Deadline for disclosing beneficial owner information looms
Companies must comply by November 22nd or face fines of up to €500,000
Solicitor Gavin Hickey: ‘A beneficial owner is someone who ultimately owns or controls a legal entity, either through direct or indirect ownership of at least 25% of the voting rights or shares or ownership interest in the entity’
Irish companies have until November 22nd to disclose their beneficial ownership information for inclusion on a new central register. Much of the data will be open to public access, and it is envisaged that a number of Irish authorities and organisations will seek to use the data to prevent money laundering.
Businesses in Ireland have been obliged to maintain an internal register of beneficial ownership since 2016, according to Gavin Hickey, a solicitor with Pinsent Masons. “A beneficial owner is someone who ultimately owns or controls a legal entity, either through direct or indirect ownership of at least 25 per cent of the voting rights or shares or ownership interest in the entity,” he explains. “Where a beneficial owner does not exist or cannot be identified, the details of the senior managing officials of the business must be recorded on the internal register instead.”
The new regulations will require disclosure of this information for inclusion on Ireland’s new Central Register of Beneficial Ownership (CRBO). “The Companies Registration Office (CRO) has been appointed as the statutory body responsible for the establishment and maintenance of the CRBO,” Hickey adds.
It is not as simple as just disclosing the information on the internal register, however. “While many companies will have complied with previous regulations by establishing internal beneficial ownership registers, they will now need to supplement this information by obtaining their beneficial owners’ personal public service (PPS) numbers which will also need to be submitted to the CRBO,” Hickey says.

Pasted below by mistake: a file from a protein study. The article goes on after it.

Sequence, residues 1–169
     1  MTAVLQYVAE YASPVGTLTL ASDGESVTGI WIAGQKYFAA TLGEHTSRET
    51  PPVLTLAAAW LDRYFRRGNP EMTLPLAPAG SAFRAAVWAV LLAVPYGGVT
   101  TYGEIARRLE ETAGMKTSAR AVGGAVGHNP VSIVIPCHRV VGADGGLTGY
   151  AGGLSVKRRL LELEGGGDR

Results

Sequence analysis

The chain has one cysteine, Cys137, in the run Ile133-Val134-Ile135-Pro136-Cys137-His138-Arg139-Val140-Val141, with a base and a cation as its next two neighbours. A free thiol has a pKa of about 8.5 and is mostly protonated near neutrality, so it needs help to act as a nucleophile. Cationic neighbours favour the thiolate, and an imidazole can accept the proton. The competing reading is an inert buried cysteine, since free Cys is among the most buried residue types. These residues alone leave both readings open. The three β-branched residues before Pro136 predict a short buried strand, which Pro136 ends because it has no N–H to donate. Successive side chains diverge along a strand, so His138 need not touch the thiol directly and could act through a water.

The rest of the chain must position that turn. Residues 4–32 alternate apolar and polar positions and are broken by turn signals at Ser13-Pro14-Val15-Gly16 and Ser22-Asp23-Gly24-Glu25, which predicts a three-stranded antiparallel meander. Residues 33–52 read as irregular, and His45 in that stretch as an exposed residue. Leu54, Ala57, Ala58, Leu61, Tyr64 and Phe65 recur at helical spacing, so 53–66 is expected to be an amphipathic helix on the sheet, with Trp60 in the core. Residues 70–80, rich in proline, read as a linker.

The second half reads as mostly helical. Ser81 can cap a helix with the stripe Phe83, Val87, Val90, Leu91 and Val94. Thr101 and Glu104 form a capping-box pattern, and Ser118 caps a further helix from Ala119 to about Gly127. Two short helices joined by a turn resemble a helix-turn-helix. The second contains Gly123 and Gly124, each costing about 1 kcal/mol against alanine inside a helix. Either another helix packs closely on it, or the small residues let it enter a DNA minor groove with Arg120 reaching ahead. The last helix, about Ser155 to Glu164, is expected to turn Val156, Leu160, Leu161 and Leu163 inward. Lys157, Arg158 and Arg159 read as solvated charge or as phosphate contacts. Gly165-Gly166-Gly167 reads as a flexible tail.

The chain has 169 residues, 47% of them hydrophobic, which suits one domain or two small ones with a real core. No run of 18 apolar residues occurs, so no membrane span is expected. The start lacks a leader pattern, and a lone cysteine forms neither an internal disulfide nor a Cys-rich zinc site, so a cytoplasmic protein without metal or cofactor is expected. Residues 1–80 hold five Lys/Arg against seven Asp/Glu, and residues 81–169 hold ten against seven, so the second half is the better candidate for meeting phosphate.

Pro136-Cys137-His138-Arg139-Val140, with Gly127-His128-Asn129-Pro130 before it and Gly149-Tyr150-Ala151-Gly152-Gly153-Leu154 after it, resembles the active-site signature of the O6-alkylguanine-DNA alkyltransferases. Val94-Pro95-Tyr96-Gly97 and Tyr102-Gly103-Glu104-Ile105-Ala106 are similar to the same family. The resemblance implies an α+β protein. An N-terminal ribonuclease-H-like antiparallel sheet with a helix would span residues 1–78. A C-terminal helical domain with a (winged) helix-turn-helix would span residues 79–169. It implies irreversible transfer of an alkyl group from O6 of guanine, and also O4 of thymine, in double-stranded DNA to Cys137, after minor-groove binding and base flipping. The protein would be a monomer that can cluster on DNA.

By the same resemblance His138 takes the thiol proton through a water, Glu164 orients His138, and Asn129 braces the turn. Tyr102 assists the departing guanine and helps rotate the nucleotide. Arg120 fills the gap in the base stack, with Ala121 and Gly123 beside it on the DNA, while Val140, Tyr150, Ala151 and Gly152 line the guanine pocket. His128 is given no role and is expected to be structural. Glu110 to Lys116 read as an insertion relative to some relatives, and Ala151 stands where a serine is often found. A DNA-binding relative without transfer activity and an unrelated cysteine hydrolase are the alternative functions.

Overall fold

Along with the PPS numbers, the list of data that needs to be disclosed to the CRBO includes the name, date of birth, nationality and home address of each of its beneficial owners; a statement of the nature and extent of the interest held, or control exercised, by each of its beneficial owners; and the registered name and number of the entity as contained on the register maintained by the CRO under the Companies Act 2014.
“Businesses incorporated on or after the new launch date will have five months to file their information to the central register,” says Hickey. “There is an ongoing obligation on corporates and legal entities to keep their own beneficial ownership register up-to-date and ensure that the information aligns with that filed in the CRBO. Businesses must record any changes to their beneficial ownership on the central register within 14 days.”
Non-compliance can result in heavy penalties. “The 2019 regulations increase the sanctions for non-compliance by creating the possibility of conviction on indictment and a €500,000 fine for certain breaches,” he says. “This represents a substantial leap from the maximum fine of €5,000 that could be imposed previously. In addition, custodial sentences of up to 12 months can be imposed on any person who knowingly or recklessly makes a materially false statement to the registrar.”
Some of the information on the CRBO register will be accessible by the general public. This includes the name, date of birth, country of residence, nationality and the nature and extent of the interest held by the beneficial owner.
“While there is now a requirement on businesses to obtain the PPS numbers of beneficial owners, this information will not be made available to the public”, Hickey adds. “The new regulations also provide that beneficial ownership information will be made available to competent authorities with a legitimate interest in accessing it. These include the Garda Síochána, the Revenue Commissioners, the Central Bank and the Criminal Assets Bureau. ”
According to Hickey, it is envisaged that the increased transparency of financial transactions involving beneficial owners will strengthen the fight against money laundering within the EU. “The potential worst-case scenario fines involved in non-compliance, amounting to hundreds of thousands of euro, together with potential jail time, should see Irish company owners, directors and secretaries on high alert.”
There will be benefits for business, he believes. “While this may be seen as burdensome red tape, potential benefits may include scenarios where a company engages new bankers, or solicitors, or auditors,” he explains. “An up-to-date Central Register of Beneficial Ownership will hopefully help expedite the somewhat laborious anti-money-laundering processes companies often have to go through when engaging such professionals.”